Arijana: Kenya has the potential to grow women football from the grassroots

The FIFA Football Development Manager-Women’s Football Division Arijana Demirovic sees a lot of potential to effectively grow women football from the grassroots level in Kenya. This comes in the wake of a FIFA pilot project aimed at establishing youth structures in the country, Kenya being the only selected African country.

Giving her remarks at Sirikwa Hotel in Eldoret, which is hosting the ongoing Leadership and Governance training, Arijana lauded the efforts and steps made so far in regards to development of women football.


“Kenya has a great potential which we have seen in the past six months that we have worked with the federation. We come here on the ground to see the work that has been done and share what we are planning to do in the future.

This is the fifth capacity building course and we are believers that the people who take part in the training are already part of the legacy in growing the women’s game. They will be coaching the children, leading the organizations either on the regional or club level so we are very happy with the progress so far,” Arijana explained.

Arijana Demirovic (right) posing for a photo with the Deputy FKF President Doris Petra and FIFA Instructor Carl Lines during the Leadership and Governance training in Eldoret.

Normally, selection of junior teams is done during school games after which players are hosted at a central venue to undergo a selection process. However, with this project, Under 13 and Under 15 sides will be initiated to ease the burden of having to do selections, but rather scout systematically from existing league structures.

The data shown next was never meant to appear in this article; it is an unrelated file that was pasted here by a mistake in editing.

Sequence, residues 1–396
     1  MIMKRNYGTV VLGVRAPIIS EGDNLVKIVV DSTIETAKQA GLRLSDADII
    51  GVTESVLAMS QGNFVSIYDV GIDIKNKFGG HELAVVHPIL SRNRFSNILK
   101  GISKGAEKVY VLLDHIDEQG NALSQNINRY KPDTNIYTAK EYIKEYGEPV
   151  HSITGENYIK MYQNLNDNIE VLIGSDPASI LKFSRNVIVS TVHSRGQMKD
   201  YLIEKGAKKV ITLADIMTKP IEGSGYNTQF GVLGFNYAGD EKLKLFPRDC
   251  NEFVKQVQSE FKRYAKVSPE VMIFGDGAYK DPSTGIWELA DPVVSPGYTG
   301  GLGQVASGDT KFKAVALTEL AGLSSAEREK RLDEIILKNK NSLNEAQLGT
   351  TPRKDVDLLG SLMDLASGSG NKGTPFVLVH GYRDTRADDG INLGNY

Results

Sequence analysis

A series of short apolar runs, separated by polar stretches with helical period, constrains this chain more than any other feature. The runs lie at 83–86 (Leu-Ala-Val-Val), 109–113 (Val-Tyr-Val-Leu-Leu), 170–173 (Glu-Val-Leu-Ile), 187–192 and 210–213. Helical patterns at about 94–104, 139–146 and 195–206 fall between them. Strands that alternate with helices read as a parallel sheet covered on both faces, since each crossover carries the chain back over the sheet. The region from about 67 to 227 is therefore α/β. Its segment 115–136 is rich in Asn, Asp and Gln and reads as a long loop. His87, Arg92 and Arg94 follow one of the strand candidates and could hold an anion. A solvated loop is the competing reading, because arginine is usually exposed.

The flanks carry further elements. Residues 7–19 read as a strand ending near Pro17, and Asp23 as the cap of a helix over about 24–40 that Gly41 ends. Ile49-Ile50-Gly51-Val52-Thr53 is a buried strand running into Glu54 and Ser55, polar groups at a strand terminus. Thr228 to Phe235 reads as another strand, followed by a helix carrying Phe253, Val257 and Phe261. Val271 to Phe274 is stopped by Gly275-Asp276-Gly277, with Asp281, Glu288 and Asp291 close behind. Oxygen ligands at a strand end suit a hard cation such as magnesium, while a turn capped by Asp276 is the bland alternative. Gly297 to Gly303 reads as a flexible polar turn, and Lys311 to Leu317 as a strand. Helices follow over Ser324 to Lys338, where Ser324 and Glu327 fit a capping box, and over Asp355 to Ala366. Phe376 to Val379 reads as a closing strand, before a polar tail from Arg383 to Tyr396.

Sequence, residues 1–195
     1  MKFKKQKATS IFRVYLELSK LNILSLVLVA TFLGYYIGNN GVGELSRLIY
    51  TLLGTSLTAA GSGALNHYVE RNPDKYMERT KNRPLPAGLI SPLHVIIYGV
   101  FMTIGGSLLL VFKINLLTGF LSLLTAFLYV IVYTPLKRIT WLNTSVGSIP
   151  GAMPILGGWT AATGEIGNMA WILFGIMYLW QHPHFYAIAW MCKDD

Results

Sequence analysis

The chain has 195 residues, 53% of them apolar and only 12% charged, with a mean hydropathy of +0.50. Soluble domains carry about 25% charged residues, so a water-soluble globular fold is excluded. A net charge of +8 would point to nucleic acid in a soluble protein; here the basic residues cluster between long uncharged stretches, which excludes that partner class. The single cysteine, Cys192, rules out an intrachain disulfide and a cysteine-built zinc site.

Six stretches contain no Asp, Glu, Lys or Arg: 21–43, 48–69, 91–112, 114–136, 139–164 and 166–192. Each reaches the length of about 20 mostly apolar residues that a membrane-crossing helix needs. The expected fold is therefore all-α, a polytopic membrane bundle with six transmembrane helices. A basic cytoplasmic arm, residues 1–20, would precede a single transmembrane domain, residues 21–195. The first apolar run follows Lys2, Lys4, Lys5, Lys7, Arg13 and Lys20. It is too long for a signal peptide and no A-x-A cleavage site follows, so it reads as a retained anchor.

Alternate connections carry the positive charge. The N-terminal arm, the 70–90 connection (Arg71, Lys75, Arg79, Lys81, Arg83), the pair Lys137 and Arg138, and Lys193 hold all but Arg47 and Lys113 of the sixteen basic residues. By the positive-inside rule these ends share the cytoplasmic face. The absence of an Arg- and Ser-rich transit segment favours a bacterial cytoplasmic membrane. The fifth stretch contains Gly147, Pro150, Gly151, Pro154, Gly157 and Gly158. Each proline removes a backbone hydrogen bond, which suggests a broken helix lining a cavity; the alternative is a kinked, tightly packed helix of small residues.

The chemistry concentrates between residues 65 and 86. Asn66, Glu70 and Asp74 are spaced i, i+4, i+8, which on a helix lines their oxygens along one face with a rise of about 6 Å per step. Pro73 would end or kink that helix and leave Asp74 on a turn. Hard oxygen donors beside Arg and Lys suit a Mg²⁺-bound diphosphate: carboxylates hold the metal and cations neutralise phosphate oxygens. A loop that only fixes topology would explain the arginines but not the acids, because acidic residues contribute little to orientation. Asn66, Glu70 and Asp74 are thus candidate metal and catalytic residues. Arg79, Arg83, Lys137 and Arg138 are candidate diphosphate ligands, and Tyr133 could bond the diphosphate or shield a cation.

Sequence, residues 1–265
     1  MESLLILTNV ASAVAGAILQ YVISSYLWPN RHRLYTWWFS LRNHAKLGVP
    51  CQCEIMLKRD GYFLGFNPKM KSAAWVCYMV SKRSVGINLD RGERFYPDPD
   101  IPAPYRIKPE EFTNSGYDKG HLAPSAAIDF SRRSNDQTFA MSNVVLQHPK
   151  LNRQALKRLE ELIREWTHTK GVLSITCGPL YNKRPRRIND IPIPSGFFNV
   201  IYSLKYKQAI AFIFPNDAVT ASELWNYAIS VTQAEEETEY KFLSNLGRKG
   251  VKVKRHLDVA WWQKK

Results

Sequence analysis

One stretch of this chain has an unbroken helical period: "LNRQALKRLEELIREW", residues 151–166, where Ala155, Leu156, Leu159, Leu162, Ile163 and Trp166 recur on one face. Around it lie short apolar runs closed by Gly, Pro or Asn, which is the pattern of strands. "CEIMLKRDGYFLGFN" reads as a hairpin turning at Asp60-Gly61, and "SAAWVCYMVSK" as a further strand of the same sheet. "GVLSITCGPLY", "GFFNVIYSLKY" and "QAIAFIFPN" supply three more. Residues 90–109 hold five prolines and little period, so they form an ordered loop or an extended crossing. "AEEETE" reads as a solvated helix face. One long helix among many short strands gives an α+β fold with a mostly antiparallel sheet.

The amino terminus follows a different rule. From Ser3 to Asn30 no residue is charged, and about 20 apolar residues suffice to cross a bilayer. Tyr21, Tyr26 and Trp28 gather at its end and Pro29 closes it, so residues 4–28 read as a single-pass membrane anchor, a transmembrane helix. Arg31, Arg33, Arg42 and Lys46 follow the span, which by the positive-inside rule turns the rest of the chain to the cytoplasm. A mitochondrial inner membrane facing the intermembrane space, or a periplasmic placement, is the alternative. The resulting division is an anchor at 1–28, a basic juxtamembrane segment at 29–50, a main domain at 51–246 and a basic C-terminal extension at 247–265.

Proper scouting

“This is only the first stage of the project, after which we will look into ways of growing the game from the bottom up, to make sure that when the time comes and there are several junior national teams then the talent is scouted in a proper way since every girl has access to football and that teams come from there other than a selection-based criterion based on names,” she continued.

The question lingering in many people’s minds would probably be, what next after the first phase? The good news is safe guarding for the junior players will be a key component in terms of ensuring they not only have access to proper playing surfaces and equipment but also access to education as the project will mainly run in schools, clubs and sport for development organizations.

Access to education

“Now that the trained coaches already have teams in place, we would like to see what the next steps will be for them. We now want to see into it that they have the right equipment, training in the right grounds and also have access to education,” added Arijana.

In addition to the 45 women undergoing the leadership training, Over 120 coaches and 40 referees have been previously trained in the ongoing project.